What a weekend. Since Friday I have buried my favorite rooster, harvested my least favorite turkey & canned lots of okra, cukes, onions, peppers & garlic from my very own garden. Yes, I would have to say this place is feeling more & more like an authentic, functioning hobby farm every single day.
As much as I like to believe we walk a path lined with roses around here, the truth of the matter is that many a thorn snags our ankles along the way. Friday was a bad day. As a matter of fact, Friday was unequivocally the worst day we’ve had since moving to the homestead. We lost Pedro.
If you are not familiar with Pedro from reading the blog, he was our family favorite. The flock is much different without his kind presence. He was the sweetest we’ve known, so far. A Barred Rock roo with the most vivid crimson comb & silky sleek feathers, eyes as clear as Crater Lake, heart as wide as the Atlantic, & a spirit as gentle as a balmy Summer breeze. It’s strange to eulogize a chicken. I’m sure it’s even stranger to read a chicken’s eulogy. Even stranger is to admit that a tear trickles as I put these words to the page. Who would have thought when we started this homesteading venture that we’d ever grow so attached, or experience such pangs of sorrow as the result of losing a bird?
Certainly what hurts more than anything is watching our Teagan work through the loss personally, in her own head & heart. We all loved Pedro, but Teagan had a special bond with him from the beginning. He was one-of-a-kind, with a sense of wisdom so deep, so palpable it could not be denied. It’s possible he found us just as peculiar & fascinating as we found him. In the mornings, all of the other chickens & ducks & turkeys can barely wait for the pellets to pour before they begin pecking anxiously at their feeding pans. Not Pedro. While all of the other poultry steps on one another & scuffles over pecking order, feverishly inhaling their rations, Pedro hangs in the shadows & follows me to the garden, or to the blueberry bushes instead. He often sat quietly in Teagan’s embrace & relished in the adoration of his human. He wasn’t a push over in the pasture, but he wasn’t particularly the ruler of the roost by any means either. Sometimes when the hen house got too noisy or one of the other roos got a little too spirited for his liking, he’d lay down the law. He was mostly easy going though & everyone in the flock seemed to like him well enough.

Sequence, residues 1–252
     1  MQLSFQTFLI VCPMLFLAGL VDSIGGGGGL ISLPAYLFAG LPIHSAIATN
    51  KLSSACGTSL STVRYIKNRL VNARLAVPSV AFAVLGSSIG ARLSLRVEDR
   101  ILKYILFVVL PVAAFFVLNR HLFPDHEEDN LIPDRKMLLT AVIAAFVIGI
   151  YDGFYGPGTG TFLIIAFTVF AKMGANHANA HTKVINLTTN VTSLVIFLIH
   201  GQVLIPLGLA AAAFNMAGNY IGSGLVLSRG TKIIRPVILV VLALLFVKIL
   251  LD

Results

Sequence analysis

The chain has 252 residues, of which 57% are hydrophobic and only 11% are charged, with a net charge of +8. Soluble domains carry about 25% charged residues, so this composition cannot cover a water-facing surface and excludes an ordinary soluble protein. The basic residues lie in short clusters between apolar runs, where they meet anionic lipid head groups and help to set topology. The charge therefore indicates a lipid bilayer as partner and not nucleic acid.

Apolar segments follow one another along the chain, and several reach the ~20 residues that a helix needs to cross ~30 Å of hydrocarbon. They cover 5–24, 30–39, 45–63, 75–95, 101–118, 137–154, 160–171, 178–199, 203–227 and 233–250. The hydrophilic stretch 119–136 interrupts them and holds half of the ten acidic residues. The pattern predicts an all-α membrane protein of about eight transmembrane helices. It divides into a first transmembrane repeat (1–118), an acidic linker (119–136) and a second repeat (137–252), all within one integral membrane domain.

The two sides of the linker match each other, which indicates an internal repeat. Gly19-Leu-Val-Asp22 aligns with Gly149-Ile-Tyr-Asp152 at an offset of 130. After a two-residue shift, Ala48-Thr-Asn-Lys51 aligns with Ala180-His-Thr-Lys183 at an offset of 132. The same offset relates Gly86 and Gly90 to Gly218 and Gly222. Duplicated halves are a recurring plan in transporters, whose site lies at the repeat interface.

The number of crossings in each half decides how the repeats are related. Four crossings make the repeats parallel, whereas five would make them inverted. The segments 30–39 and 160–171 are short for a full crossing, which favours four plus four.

I knew something was wrong the moment I walked out of the house on Friday morning. The ducks were quacking frantically, the turkeys were strutting in an unusual fashion & Shanti – our Barred Rock hen – along with Mr. Darcey were on top of the coop. Those two are never on top of the coop. Ever. When I found Pedro, lifeless in the scratch yard my heart sunk. As far as I can tell, based on my novice sleuth skills, all signs point to the Toms. I’m almost 100 percent sure those turkeys were the culprit & I’m certain – whether it was purposeful or not – their aggression lead to Pedro’s demise. They get fired up quickly. I’ve seen them bully the hens & ducks. Itching to pick fights daily, even our male dachshund Fig, has taken a beating from them a time or two. I’ve had to break up quite a few sparring matches between them as of late. Really, I blame myself for letting the situation get out of control. I knew things were getting dicey out there. I waited too long. I have lived & I have learned. I won’t make the same mistake twice.
Initially we assumed we’d keep the turkeys until this fall & butcher them right before the holidays. However, they are not a heritage breed & that’s not a good thing. These two Toms are commercial birds that cannot reproduce on their own. They are bred to grow incredibly fast. They were part of a ‘package deal’ when my chicken loving friend (aka: Poultry Guru) Chanda purchased a bulk shipment of birds back in the spring. Typically we’d never agree to purchase birds like this as they put on the pounds so very fast that they can easily break a leg or have trouble even getting around on their own after reaching a certain size. They are strictly meant to sit in an itty, bitty, tiny, disgusting space among thousands of other sickly, tortured birds & do nothing but get fatter & fatter & fatter before they endure a horrendous, agonizing slaughter. A horrible life & a heinous demise, yep that’s how we carnivores put dinner on the table America! Sounds great, huh? No. It’s unthinkable. And that’s one of the driving forces as to why my family & I are trying to make a shift from the cyclical horror that accompanies carnivorous consumerism in this country. But as I’ve stated in numerous other posts, that’s a different blog for a different day.
So I called my Dad after I buried Pedro on Friday afternoon. He never fails to help me look at things from a better, more logical perspective. He helped me realize that although this is not the best-case scenario, it does offer up the faintest of silver linings. This particular circumstance thrust me into the right headspace to endure the inevitable fate that lies ahead for the Toms. But more importantly, it helped Teagan get into the right frame of mind too! I’ve desperately needed to find a way to shift my mindset, to wrap my brain around the fact that the turkey’s days were numbered here on earth & that their existence would inexorably cease at some point in the very near future. Losing Pedro by no means made the process of harvesting my first bird any less painful for me. I’ve dreaded it beyond words for months on end. I’ve been completely unprepared for it up to this point. But this terribly unfortunate experience forced me to accept that it is time & it pushed me to ultimately carry out the process. I needed that push.